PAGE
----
Sunday, November 9, 2008

The Real Deal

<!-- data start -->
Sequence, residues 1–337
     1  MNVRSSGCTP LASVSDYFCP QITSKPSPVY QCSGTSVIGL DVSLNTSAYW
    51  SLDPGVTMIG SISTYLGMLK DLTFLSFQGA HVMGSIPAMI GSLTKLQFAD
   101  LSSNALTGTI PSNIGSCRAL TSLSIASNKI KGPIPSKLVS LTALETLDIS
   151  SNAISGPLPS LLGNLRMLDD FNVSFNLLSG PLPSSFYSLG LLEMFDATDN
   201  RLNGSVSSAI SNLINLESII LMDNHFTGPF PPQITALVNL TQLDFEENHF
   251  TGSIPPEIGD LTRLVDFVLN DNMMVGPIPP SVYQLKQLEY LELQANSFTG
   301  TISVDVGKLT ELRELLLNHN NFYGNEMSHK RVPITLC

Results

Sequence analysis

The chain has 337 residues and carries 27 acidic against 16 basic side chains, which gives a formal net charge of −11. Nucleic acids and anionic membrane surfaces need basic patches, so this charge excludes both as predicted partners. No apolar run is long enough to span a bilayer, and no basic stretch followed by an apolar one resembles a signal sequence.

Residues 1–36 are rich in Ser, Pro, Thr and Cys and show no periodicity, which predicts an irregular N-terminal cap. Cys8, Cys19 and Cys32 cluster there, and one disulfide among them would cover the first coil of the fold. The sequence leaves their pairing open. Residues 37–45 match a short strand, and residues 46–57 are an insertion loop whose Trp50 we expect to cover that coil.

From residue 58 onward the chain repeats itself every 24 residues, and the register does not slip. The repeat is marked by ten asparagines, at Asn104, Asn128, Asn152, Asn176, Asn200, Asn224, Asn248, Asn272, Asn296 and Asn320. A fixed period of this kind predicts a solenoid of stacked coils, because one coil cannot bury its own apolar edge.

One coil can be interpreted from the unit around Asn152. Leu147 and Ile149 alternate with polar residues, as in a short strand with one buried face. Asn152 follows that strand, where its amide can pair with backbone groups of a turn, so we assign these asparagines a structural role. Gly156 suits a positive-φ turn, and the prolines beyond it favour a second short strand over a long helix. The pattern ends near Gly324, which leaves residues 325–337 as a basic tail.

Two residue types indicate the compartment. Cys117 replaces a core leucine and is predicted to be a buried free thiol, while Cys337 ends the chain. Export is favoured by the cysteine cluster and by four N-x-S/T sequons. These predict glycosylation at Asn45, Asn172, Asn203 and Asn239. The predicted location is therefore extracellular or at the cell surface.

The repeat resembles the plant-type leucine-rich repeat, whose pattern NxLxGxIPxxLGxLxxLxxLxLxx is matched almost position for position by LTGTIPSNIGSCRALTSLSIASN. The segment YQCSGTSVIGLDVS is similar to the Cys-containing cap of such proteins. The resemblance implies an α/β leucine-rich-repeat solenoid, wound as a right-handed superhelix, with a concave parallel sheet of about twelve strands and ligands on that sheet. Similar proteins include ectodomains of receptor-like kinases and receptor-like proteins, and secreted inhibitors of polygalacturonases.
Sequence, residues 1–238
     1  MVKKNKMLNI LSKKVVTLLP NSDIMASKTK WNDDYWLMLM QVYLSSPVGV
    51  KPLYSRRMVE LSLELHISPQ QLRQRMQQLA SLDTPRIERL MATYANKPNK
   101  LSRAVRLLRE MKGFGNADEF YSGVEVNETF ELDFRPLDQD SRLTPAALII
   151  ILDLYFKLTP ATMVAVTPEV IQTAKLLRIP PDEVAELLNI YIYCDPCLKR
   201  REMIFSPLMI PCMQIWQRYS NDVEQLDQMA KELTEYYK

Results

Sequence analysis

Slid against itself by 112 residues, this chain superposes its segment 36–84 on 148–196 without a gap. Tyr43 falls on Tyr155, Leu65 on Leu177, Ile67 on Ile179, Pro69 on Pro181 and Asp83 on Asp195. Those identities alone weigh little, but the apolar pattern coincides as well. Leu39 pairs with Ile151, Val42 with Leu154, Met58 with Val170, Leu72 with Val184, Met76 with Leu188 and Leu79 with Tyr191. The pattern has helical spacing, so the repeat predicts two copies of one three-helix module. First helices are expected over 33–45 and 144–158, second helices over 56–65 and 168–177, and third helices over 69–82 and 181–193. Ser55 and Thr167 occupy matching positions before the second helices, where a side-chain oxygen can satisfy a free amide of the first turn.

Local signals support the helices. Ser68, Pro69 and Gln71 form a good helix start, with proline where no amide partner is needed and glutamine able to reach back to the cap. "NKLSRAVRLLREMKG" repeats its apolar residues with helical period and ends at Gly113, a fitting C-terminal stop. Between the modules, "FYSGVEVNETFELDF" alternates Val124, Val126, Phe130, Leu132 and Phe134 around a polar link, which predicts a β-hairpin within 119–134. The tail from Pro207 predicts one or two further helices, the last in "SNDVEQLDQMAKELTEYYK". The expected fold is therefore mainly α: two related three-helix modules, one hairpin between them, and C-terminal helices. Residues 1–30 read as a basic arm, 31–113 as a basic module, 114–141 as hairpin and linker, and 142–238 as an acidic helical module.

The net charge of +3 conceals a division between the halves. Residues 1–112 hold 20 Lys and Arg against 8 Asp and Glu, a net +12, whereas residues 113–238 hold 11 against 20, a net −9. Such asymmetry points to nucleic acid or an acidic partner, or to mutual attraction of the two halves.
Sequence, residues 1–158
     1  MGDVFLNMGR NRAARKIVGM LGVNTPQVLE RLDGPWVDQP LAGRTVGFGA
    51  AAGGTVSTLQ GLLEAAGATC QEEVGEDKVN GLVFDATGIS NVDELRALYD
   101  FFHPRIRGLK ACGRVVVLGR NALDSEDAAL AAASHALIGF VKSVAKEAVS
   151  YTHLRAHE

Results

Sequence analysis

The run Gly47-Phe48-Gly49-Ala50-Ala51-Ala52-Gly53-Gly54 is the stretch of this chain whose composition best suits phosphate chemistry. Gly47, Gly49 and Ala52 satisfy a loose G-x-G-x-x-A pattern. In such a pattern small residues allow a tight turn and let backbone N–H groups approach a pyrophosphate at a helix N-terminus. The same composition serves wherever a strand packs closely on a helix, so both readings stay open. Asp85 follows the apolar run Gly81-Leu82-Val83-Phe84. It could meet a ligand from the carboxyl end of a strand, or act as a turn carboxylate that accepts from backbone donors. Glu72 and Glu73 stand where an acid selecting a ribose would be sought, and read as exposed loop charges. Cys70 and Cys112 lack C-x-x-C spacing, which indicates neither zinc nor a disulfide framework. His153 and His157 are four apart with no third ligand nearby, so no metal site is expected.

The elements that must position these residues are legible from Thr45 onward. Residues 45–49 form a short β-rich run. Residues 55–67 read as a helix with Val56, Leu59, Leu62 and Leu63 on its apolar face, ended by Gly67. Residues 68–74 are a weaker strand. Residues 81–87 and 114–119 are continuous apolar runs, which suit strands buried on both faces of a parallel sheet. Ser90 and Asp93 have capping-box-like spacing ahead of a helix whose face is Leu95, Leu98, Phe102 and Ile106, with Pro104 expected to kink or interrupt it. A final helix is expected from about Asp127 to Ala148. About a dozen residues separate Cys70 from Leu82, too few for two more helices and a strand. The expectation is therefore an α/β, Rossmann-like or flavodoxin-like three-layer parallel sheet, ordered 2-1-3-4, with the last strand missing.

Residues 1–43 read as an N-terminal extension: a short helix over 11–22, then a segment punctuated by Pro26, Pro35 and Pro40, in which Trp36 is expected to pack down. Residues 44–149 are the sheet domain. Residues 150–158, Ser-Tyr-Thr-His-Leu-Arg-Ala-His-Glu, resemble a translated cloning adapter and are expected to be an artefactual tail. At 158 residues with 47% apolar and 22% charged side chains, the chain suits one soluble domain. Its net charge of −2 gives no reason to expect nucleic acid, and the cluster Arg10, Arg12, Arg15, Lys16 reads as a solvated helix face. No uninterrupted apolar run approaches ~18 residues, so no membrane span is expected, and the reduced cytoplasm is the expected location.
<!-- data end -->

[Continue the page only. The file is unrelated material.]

Many John Cassavetes aficionados consider A Woman Under the Influence (1974, Criterion, $39.95 147 minutes) his preeminent effort, an amazingly orchestrated indie/art film that wears its soul on its sleeve, a peering-into-the-abyss look at the state of Middle- American womanhood with a brave and unadorned central performance from the innovator/director/writer’s wife Gena Rowlands, buoyed by a particularly astute supporting turn by Cassavetes bud Peter Falk. It’s a harrowing and hypnotic long day’s journey into suburban catatonia, rippling with energy and grit, in-your-face camerawork, all of it propelled by Cassavetes unique distillation of the proto-real, a combination of verve, technique, and style that not many filmmakers have even come close to duplicating. Not for everyone, but scintillating and overtly original for those who can hang on for the jumpy and truly stimulating ride.

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